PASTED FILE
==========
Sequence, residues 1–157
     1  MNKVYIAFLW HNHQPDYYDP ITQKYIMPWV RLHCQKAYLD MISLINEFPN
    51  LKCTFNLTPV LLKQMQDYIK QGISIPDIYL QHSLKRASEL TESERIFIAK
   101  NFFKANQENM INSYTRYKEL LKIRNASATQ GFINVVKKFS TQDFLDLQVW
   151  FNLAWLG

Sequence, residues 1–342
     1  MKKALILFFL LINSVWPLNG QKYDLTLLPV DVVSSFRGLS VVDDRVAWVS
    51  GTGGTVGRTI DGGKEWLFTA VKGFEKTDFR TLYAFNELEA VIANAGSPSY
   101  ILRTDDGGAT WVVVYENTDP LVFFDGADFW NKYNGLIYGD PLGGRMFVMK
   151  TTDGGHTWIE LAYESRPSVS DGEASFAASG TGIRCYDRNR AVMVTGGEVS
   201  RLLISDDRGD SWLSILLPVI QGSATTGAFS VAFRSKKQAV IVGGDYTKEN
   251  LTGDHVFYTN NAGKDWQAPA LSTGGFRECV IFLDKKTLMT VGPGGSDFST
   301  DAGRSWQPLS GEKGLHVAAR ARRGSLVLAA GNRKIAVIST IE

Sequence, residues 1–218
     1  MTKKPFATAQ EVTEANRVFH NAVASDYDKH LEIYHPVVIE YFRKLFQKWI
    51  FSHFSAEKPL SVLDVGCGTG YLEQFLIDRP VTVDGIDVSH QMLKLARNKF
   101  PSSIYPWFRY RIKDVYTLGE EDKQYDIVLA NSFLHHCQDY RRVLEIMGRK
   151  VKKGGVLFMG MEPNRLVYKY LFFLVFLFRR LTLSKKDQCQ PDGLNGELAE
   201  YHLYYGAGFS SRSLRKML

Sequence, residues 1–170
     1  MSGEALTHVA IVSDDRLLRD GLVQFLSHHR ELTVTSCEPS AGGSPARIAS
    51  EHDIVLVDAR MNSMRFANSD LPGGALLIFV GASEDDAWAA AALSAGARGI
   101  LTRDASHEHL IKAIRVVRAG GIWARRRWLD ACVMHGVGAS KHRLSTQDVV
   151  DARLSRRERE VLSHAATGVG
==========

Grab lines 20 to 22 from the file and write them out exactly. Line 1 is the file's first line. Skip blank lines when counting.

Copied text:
Sequence, residues 1–170
     1  MSGEALTHVA IVSDDRLLRD GLVQFLSHHR ELTVTSCEPS AGGSPARIAS
    51  EHDIVLVDAR MNSMRFANSD LPGGALLIFV GASEDDAWAA AALSAGARGI